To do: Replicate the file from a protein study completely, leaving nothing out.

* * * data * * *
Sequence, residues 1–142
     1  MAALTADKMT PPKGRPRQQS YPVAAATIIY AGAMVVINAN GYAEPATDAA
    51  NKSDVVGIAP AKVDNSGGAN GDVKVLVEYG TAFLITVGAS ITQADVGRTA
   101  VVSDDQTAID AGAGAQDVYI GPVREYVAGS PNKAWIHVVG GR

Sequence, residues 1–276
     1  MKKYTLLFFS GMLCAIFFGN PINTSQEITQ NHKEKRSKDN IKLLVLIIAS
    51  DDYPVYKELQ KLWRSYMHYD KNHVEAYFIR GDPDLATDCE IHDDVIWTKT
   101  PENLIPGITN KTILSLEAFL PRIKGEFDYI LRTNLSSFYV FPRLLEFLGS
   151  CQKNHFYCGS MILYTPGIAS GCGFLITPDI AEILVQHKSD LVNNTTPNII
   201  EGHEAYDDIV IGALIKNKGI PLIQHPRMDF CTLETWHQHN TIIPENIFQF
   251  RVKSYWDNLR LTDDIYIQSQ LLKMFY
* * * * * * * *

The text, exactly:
Sequence, residues 1–142
     1  MAALTADKMT PPKGRPRQQS YPVAAATIIY AGAMVVINAN GYAEPATDAA
    51  NKSDVVGIAP AKVDNSGGAN GDVKVLVEYG TAFLITVGAS ITQADVGRTA
   101  VVSDDQTAID AGAGAQDVYI GPVREYVAGS PNKAWIHVVG GR

Sequence, residues 1–276
     1  MKKYTLLFFS GMLCAIFFGN PINTSQEITQ NHKEKRSKDN IKLLVLIIAS
    51  DDYPVYKELQ KLWRSYMHYD KNHVEAYFIR GDPDLATDCE IHDDVIWTKT
   101  PENLIPGITN KTILSLEAFL PRIKGEFDYI LRTNLSSFYV FPRLLEFLGS
   151  CQKNHFYCGS MILYTPGIAS GCGFLITPDI AEILVQHKSD LVNNTTPNII
   201  EGHEAYDDIV IGALIKNKGI PLIQHPRMDF CTLETWHQHN TIIPENIFQF
   251  RVKSYWDNLR LTDDIYIQSQ LLKMFY